Strong passwords provide good defense as Internet of Things grows
Posted February 7
Like leaving the front door of your home wide open when you leave, many people leave personal information online for anyone to find.
Security cameras, cars and even refrigerators are getting upgraded to connect to the internet, which means more daily interactions are done online. The connections make some tasks easier and more efficient, but the devices also come with new risks.
Many people don't think about how easily those things can be hacked. A family in Denver, Colorado recently walked into their baby's room to find a stranger watching and talking through a baby camera.
Those monitors, as well as other internet-connected devices, such as thermostats, children's toys and virtual assistants like Google Home and Amazon Echo, are just some of what's called the IoT, or Internet of Things.
Jake Seaton is part of what's helping the IoT industry grow to an expected 24 billion devices by 2020. One estimate puts that at four devices for every person on the planet: Seaton has five Amazon Echo devices in his home.
"I change the channels. I can turn up the volume. All with my voice," Seaton said.
The devices even turn on his coffee pot.
Seaton admits the connected nature of the devices can be a bit scary, and security experts agree.
Jon Sternstein owns Stern Security, a data security consulting company. Sternstein is one of the experts who wonder about the images the devices capture or the conversations they overhear.
"You have to think that when you talk to Siri, that has to be sent to Apple. Apple has to process that to understand what you said and then send the information back to your phone," Sternstein said.
That simple voice command to Siri involves many internet-connect devices. Even kids' dolls and robots are being questioned.
The Federal Trade Commission is looking into a complaint that some toys spy on kids. A consumer watchdog group said the makers collect personal information to set up the toy, records conversations as kids play and then shares that information with third parties.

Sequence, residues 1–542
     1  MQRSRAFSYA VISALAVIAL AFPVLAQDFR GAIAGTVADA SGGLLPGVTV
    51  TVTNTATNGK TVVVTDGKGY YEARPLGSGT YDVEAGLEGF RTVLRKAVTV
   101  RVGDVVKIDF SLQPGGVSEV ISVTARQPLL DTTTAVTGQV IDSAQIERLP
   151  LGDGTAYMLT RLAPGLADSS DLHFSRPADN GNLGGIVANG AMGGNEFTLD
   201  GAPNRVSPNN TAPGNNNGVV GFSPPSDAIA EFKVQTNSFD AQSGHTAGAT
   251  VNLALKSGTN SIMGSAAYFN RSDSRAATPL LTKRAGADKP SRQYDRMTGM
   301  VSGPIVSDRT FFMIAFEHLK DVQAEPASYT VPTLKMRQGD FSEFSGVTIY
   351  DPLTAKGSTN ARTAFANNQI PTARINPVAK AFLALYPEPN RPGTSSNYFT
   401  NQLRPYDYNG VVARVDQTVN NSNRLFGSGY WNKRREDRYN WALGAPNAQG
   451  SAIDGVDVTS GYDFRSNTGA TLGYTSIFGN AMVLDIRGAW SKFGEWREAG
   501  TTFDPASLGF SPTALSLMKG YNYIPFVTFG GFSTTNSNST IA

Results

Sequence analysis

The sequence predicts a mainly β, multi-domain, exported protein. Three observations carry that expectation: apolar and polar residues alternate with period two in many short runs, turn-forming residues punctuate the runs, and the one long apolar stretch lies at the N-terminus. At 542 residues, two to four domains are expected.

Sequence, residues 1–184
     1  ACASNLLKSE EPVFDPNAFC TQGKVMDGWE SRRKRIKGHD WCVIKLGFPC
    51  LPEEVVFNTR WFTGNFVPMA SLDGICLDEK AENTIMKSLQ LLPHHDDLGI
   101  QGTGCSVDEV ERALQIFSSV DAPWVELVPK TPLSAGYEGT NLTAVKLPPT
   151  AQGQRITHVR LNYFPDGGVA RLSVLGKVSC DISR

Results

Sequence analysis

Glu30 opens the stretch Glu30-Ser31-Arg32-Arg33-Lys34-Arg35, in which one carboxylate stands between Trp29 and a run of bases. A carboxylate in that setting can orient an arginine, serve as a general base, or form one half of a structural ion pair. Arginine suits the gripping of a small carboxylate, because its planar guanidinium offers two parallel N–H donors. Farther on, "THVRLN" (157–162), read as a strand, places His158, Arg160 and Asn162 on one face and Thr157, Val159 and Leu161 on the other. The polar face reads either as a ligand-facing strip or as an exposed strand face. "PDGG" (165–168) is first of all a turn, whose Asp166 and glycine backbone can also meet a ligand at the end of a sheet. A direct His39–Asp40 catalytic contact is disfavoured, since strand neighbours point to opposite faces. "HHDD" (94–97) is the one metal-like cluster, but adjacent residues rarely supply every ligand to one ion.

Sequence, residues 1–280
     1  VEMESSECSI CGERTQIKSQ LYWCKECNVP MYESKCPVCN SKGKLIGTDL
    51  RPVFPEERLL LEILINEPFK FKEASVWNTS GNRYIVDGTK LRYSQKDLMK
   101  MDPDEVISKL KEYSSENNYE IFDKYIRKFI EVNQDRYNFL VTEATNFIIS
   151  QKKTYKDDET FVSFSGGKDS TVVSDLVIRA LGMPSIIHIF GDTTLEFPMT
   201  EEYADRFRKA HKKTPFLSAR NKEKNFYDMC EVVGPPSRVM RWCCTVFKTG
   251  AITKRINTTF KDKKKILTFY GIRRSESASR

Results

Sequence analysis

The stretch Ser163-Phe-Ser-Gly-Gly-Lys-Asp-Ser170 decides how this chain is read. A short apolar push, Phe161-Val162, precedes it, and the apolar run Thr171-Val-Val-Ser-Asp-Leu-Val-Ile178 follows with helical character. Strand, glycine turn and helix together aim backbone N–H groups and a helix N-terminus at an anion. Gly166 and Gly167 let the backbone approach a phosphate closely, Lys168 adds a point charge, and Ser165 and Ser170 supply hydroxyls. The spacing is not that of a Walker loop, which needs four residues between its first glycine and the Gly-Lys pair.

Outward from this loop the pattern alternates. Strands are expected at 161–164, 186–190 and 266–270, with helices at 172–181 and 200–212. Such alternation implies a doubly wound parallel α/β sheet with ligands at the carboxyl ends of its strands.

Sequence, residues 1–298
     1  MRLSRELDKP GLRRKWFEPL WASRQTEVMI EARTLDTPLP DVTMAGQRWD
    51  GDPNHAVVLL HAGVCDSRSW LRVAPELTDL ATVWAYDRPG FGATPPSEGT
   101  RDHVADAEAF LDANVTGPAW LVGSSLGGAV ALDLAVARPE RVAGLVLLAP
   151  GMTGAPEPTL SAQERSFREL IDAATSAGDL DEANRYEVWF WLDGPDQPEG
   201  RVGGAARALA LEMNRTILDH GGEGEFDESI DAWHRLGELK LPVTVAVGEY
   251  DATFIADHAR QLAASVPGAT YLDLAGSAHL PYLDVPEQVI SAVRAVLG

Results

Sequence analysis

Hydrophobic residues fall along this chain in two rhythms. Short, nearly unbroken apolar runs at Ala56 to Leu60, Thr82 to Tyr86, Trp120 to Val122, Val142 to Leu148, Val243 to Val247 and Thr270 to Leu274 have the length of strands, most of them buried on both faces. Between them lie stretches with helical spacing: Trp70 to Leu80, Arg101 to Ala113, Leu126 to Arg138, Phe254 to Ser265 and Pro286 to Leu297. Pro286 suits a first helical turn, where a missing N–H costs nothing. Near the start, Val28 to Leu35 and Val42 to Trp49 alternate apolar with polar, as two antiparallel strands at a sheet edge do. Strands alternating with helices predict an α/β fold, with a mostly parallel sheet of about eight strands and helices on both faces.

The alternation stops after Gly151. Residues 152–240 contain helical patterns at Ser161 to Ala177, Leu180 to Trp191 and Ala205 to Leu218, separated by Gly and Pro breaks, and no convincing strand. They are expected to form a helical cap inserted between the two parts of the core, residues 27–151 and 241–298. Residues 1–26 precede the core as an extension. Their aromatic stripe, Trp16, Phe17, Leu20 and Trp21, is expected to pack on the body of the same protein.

"At a certain point, you don't really know who would have access to your information," Sternstein said.
Sternsteirn also warned that some IoT technology can be used for high-level hacking.
"A lot of these devices can be used to attack other systems as well," he said. "So, even your refrigerator, (hackers) don't care about turning your refrigerators off. They might want to use that refrigerator to attack another machine on the internet."
In October, hacked home devices, like DVRs and routers, were used in a massive attack that took down service to popular sites like Amazon, Twitter and Netflix. The attack, called a distributed denial of service, used hacked devices to send tens of millions of requests to overwhelm internet servers.
There are ways to safeguard your devices against hacks, though.
Security experts say making hard-to-crack passwords is the best step to online security. They also said people should always change the passwords that come with the device, especially for things like internet routers, which can look secure but are generally just one in a series.
For secure passwords, use a phrase that's unique to you, and mix up the characters. When it's possible, use two-factor authentication, which usually involves a text or email that gets sent to verify it's actually you trying to sign in.
Another security tip: Run the manufacturers' updates as soon as they're sent.
Sos as you hook up your home for convenience, don't skip security. Otherwise, it's like leaving the front door wide open for hackers to invade your home.
An industry push with these devices is for manufacturers to increase security. Sternstein said it doesn't seem to be a priority with many of them right now.